Sustainable development
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Sustainable development

1. Sustainable development

Have executed:
Danilchenko B
Rakhimov A


Sustainable development is development in which the needs of
present generations are met without compromising the ability of
future generations to meet their own needs. This basic formulation
first appeared in 1987 in the report "Our Common Future". It has
prepared the Environmental UN Commission on Environment and
Development, which is often also referred to the Commission
Bruntlann named its leader - Gro Harlem Brundtland, a political and
social activist from Norway, which has made an enormous
contribution to the promotion of sustainable development and
international cooperation in order to achieve it. It is in the
formulation of the Commission that Brundtland contains the key idea
of sustainable development - treating it as a balance between



The essence of sustainable development is that the development of
the present generation does not run counter to the interests of future
generations. In the classical definition, the generation balance is
understood as a balance of needs. However, the word "needs" can be
interpreted in different ways. Firstly, we can talk about the ability to
meet needs in the context of the availability of natural resources. This
means that we must leave to future generations the same amount of
resources that we have, so that they can use these resources to meet
their needs.
Secondly, we can talk about the ability to meet needs as a standard of
living. This means that for future generations it must be at least the
same as the standard of living of our generation. At the same time, it is
absolutely not necessary that this be achieved due to the availability of
natural resources. For example, we can now invest natural resources in
the development of human capital and knowledge, and future
generations will provide a higher standard of living through increased
knowledge. Two of the above interpretations laid the foundation for two
branches of sustainable development - the concepts of strong and weak



As a result of the fact that the concepts of strong and
weak sustainability as attempts to formalize the term
"sustainable development" in the understanding of the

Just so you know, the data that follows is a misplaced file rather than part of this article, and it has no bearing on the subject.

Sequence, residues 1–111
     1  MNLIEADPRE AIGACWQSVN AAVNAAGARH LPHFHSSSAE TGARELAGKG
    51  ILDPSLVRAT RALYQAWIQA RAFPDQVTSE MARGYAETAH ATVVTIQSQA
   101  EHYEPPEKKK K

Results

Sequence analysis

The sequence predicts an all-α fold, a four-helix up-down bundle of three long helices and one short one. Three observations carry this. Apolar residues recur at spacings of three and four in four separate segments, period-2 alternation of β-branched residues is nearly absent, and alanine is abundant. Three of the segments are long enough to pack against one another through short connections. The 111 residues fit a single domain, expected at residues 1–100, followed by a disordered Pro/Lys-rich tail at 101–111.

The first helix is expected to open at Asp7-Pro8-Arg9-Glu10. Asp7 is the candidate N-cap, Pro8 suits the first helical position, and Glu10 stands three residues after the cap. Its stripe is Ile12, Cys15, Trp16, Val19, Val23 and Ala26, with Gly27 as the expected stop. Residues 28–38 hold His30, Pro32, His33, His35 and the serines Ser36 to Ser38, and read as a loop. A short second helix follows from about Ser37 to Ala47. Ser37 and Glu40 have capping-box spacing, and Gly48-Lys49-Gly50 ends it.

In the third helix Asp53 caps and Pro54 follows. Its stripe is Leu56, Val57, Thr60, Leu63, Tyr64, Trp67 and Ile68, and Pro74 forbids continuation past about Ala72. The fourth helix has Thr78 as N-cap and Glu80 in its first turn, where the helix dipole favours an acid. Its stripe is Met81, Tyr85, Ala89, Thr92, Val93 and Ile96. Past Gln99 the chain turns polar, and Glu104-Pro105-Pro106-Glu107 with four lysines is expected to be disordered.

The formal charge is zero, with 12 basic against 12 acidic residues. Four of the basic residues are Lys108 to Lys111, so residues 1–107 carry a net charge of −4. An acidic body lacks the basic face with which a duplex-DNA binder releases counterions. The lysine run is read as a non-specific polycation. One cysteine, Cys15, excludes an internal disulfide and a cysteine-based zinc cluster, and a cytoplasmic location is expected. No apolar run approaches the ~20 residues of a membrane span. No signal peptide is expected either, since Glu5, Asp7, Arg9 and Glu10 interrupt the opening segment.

Bruntland Commission could not overcome such critical
arguments, the concept of sustainable development
gradually began to acquire an increasingly broad, abstract
character. It began to understand the achievement of a
balance between the economic, ecological and social
dimensions of human development. That is, sustainable
development is economic growth that does not lead to
environmental degradation and at the same time is
accompanied by the resolution of social problems, in
particular inequality and poverty.


Sustainable development is a beautiful idea that can inspire. She
certainly does not have enough specifics. Of course, it would be
more convenient to have a less abstract idea and an accurate
indicator, one view of which would enable us to answer the
question whether the country or humanity as a whole is developing
steadily. However, there is as yet no such idea, and the concept of
sustainable development in its current form largely reflects the
complexity of society as a whole - the dynamics of its development
becomes more difficult to translate into dry figures. Sustainable
development goals are often criticized for the unrealistic and
insecure nature of the ambitious goals formulated in them with
adequate financial resources.



The goals in the field of sustainable development are in many ways
even more ambitious than the Millennium Development Goals. But there
are more opportunities for humanity to reach them. It is important to
understand that the Goals in the field of sustainable development do
not belong to the category of planned indicators, whose existence is
justified only by their implementation. It is, rather, to perceive them as
reference points, to which one should strive.
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